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126 755 people in South Africa died of Aids in 2017

A total of 126 755 people in South Africa died of Aids-related diseases in 2017 – a significant decrease compared to 219 741 deaths in 2010, according to Statistics South Africa’s recent figures.
Some experts have attributed this good news to the new approach of managing the disease by both the state and the private sector.
This includes the improved rollout of ARVs.

The improved roll-out of ARVs in both the public and private sector hospitals and clinics has resulted in the elimination of waiting lists for ARVs, Urvashi Ramjee, head of claims management at Old Mutual Group Assurance, said this week in Johannesburg.

“In the past, individuals would have to wait for their immune system to show symptoms before receiving access to ARVs, whereas today, ARVs are administered to patients much sooner, meaning treatment is starting earlier and individuals are less impacted by the disease’s symptoms,” Ramjee explained.

Ramjee, who also revealed that the number of HIV/Aids disability claims has decreased in the South African workplace, added: “For HIV positive individuals, managing the disease has also become less difficult and can be easier to manage than diabetes.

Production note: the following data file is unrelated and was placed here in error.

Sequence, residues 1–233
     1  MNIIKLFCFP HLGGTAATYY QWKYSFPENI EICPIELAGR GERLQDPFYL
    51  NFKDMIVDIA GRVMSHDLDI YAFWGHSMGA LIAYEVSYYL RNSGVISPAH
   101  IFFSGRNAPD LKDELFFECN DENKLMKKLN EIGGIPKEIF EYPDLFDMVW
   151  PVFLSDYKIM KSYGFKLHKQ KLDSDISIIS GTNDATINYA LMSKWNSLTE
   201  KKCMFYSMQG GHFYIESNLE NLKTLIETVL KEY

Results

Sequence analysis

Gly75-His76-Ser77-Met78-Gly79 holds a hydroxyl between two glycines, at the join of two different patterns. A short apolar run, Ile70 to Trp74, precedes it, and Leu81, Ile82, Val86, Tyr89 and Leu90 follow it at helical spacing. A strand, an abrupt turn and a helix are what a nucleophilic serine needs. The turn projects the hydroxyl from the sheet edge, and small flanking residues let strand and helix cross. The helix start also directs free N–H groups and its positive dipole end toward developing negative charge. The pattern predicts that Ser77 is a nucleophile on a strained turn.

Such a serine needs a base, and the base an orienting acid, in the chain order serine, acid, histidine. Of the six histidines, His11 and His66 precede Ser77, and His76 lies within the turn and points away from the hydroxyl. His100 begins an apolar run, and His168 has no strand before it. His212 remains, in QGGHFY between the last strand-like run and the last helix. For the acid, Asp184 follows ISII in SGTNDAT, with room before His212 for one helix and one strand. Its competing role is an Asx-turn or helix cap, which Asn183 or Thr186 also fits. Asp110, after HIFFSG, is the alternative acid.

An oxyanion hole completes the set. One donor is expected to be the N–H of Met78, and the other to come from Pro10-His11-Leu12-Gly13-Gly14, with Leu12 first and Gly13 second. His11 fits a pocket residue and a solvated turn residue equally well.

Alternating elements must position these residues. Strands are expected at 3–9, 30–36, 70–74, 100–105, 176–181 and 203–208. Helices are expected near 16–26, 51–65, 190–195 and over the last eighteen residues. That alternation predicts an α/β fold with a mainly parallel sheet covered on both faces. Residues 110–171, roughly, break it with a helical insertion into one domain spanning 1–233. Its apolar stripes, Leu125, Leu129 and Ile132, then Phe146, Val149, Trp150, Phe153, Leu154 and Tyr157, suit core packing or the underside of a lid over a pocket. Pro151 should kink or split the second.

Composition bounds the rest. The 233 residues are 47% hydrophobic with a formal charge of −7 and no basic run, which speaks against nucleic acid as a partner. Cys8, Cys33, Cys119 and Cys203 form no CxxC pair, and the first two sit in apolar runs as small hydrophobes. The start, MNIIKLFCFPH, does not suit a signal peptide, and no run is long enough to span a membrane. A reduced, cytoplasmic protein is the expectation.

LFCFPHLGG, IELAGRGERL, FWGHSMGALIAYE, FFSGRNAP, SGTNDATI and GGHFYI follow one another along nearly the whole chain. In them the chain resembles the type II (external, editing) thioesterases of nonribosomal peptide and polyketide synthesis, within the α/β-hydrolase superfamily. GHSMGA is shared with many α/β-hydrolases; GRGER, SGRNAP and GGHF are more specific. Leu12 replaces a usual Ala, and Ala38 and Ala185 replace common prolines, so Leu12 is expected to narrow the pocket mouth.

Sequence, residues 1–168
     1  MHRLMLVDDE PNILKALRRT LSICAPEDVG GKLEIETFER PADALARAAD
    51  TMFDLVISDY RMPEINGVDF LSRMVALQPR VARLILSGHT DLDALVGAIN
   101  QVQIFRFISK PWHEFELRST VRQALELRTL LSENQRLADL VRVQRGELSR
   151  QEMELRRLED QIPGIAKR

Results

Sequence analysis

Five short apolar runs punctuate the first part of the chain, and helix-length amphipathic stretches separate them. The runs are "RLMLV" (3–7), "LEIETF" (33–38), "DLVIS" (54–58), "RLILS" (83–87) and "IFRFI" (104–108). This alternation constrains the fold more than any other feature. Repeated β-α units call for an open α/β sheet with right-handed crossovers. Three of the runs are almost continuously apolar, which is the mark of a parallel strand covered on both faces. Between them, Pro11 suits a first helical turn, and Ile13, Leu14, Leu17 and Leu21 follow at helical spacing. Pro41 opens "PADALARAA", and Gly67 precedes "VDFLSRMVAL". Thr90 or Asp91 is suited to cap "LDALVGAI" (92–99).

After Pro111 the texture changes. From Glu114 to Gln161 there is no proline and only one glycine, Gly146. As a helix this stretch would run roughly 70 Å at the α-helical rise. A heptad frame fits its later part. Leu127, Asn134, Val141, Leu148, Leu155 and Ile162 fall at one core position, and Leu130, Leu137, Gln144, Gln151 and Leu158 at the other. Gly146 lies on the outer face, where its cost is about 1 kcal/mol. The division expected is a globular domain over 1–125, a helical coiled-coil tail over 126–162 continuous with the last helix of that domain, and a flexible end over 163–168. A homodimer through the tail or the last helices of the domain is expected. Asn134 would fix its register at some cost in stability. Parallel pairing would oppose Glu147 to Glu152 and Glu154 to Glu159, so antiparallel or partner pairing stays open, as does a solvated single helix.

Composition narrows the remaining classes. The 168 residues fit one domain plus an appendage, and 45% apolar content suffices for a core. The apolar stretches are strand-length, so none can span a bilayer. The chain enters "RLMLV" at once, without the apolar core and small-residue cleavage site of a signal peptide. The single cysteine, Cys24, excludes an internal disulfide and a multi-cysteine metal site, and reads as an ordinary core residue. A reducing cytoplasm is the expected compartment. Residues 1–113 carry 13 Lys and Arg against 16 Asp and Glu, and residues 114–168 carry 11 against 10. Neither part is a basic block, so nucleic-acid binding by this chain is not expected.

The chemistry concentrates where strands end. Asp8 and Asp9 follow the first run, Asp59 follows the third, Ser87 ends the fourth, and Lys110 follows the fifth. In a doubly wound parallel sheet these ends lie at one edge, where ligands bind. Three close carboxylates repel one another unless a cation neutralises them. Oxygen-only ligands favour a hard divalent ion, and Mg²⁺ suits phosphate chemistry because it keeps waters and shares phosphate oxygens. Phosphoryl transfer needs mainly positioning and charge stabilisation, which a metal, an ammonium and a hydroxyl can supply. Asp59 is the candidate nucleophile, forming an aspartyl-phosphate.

“ARVs are now compressed into one daily tablet while someone with diabetes is required to change their lifestyle to manage the disease. If an HIV individual is consistent and compliant with his or her treatment schedule, the statistics show that these patients can remain productive and healthy in the workplace.”

A total of 1.8 million people worldwide were infected by HIV/Aids in 2017, according to UNAids figures, while the disease is infecting at least one person every 17 seconds.

Statistics South Africa says approximately 12.6% (7.06 million people) of the South African population is HIV positive.  Sub-Saharan Africa’s estimated HIV incidence rate (per 1 000 uninfected population) in 2015 was 1.54% – the highest in the world.

“If South Africa is to contribute to working towards the United Nations goal of ending the epidemic of AIDS by 2030, we need to decrease its prevalence locally,” Ramjee said.

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